It works in self-grief, too. People disabled by chronic illness have to go through stages of grief over the loss of a major part of our own lives. It can feel as if the person who we once were has died. We deny the reality of the illness, think surely we're misdiagnosed. We get angry and we ask, "Why me?" We try to bargain with everyone from doctors to gods to get our healthy lives back if we do x, y or z. We get dragged down into depression by the magnitude of our loss of activities, work and friends. We eventually reach acceptance and learn to live a different life, within the limits of the disease.

But acceptance can't be the end.

Beyond acceptance, there's action. Action to inform others. Action to increase research. Action to promote the search for a cure.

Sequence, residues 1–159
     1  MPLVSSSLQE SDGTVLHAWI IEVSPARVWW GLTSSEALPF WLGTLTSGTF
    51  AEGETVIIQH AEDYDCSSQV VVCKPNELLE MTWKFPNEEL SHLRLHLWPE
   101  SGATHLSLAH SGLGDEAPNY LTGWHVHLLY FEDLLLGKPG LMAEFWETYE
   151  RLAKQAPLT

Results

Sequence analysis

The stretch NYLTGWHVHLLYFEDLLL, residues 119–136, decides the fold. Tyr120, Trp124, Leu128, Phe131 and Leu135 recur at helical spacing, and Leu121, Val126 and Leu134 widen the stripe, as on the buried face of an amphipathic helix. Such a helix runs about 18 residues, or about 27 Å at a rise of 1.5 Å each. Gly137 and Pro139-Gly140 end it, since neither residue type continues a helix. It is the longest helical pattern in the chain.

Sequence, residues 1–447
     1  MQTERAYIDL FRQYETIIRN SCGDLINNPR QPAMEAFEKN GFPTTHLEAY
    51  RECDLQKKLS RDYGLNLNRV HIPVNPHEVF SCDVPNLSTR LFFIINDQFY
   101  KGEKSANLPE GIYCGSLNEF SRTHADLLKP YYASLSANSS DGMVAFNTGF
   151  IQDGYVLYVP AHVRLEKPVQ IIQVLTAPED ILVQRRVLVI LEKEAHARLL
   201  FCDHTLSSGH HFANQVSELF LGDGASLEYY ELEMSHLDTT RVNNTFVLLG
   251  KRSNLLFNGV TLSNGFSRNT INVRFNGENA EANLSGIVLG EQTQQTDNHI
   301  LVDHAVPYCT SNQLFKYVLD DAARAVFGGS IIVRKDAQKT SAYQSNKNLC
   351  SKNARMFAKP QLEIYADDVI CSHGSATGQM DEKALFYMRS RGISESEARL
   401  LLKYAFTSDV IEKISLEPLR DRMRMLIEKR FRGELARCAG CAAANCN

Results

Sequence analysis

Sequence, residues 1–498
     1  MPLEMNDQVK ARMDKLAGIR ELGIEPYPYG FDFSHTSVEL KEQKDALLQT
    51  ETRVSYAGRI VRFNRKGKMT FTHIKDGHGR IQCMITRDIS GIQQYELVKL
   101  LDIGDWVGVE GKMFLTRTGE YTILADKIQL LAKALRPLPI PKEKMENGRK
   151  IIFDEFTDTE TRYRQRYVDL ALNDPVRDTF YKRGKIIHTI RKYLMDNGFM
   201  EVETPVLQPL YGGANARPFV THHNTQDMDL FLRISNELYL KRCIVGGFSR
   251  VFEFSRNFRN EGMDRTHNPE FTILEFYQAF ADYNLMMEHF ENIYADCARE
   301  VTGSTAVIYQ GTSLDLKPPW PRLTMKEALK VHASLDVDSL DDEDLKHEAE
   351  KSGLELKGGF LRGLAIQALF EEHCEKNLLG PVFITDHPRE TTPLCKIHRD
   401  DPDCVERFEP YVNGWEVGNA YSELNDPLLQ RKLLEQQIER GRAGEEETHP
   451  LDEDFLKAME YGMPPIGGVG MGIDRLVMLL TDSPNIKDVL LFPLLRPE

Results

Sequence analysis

Loss and grief change us profoundly, whether we are grieving for ourselves or others. The loved ones of people with chronic and disabling diseases also suffer loss and have to go through grief. We come to the Acceptance stage with new knowledge, wisdom and strength.

These uses of adversity are not to be kept for ourselves alone. We share their great value through action.

Action may be as small as an email, a vote on an internet poll, signing a petition; but every time we take those tiny actions we take them for ourselves, for our loved ones and for the millions of strangers who may at any time be hit by the same force that brought us our own grief.

In my own case, both my children and I were hit by post-viral fatigue syndrome which in two of us developed into Myalgic Encephalomyelitis/Chronic Fatigue Syndrome and Fibromyalgia. A small percentage of sufferers recover completely but to cling to that piece of information would be to stay in denial. There is no cure. There is no reliable treatment. There are only a vast plethora of possibilities, all requiring research.